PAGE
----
"Development." "Project." "Strategy." "Problem." These may seem like harmless words, but are they? German writer and linguist Uwe Poerksen calls these words "plastic words" because of their malleability and the uncanny way they are used to fit every circumstance. Like plastic Lego blocks, they are combinable and interchangeable. In the mouths of experts--politicians, professors, corporate officials, and planners--they are used over and over again to explain and justify plans and projects. Poerksen traces the history of plastic words, establishes criteria for identifying them, and provides a tragi-comic critique of the society that relies on them. He shows that when plastic words infiltrate a field of reality, they reorder it in their own image--hence their threat. They are building blocks for new models of reality that may seem utopian but that impoverish the world. Plastic Words is a translation of the remarkably successful book first published in Germany in 1988. For the English-language edition, Poerksen has added a new preface, explaining the origin of the book and addressing the spirited public debate it has spawned.Bold and provocative, Plastic Words is social and linguistic criticism in the tradition of Jonathan Swift and George Orwell.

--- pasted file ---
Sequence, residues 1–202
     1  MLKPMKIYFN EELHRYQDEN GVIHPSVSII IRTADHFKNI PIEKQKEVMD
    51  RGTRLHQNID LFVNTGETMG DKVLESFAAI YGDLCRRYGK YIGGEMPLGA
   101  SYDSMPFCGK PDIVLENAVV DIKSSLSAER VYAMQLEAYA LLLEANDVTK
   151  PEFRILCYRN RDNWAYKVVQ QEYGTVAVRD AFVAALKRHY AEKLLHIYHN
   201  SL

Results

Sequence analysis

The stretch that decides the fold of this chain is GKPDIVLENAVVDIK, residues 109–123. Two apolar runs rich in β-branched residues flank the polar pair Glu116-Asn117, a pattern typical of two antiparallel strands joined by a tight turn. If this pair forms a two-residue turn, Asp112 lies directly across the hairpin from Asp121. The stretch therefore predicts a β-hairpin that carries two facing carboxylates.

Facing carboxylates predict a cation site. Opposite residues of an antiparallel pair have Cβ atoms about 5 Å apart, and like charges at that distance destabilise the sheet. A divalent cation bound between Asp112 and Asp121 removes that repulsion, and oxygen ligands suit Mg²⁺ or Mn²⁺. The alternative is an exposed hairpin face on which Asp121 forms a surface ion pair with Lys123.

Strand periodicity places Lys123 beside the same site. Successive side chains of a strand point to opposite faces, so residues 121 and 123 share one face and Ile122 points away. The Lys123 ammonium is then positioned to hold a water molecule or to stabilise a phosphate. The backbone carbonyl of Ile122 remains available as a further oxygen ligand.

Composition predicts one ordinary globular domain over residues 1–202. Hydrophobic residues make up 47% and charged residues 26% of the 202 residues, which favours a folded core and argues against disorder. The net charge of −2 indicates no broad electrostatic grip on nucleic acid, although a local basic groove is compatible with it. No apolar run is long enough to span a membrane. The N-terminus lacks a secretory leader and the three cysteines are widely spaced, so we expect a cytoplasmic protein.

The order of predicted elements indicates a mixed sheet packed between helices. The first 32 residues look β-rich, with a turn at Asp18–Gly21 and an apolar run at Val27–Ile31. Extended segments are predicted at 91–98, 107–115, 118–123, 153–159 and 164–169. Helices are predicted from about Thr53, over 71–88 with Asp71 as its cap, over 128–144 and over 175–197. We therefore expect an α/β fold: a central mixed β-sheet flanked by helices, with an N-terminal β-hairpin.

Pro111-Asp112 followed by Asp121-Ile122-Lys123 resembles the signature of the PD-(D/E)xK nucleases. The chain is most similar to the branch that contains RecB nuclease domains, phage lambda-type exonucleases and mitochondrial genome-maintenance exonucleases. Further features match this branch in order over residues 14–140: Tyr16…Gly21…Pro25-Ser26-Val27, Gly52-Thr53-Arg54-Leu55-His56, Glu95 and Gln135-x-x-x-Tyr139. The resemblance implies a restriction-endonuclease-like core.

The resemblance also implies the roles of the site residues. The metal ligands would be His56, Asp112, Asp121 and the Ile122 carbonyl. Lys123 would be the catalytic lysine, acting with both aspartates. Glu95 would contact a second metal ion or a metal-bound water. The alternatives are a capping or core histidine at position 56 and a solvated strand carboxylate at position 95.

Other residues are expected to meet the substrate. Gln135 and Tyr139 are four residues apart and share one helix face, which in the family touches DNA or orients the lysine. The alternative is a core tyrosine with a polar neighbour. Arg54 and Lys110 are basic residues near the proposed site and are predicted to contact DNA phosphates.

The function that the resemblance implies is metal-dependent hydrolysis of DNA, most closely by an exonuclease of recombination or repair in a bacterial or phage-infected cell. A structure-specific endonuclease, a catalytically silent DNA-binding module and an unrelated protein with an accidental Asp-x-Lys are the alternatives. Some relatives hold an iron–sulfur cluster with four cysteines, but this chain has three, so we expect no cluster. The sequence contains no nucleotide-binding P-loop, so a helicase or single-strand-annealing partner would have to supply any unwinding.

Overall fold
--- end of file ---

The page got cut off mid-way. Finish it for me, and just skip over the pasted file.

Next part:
Uwe Poerksen is Professor of German Language and Literature at the University of Freiburg. A medievalist by training, he is also a novelist, critic, and internationally respected linguist. He has written many books in German, but this is the first to be available in English.
Publisher: Pennsylvania State University Press
Number of pages: 136
Weight: 210 g
Dimensions: 229 x 152 x 8 mm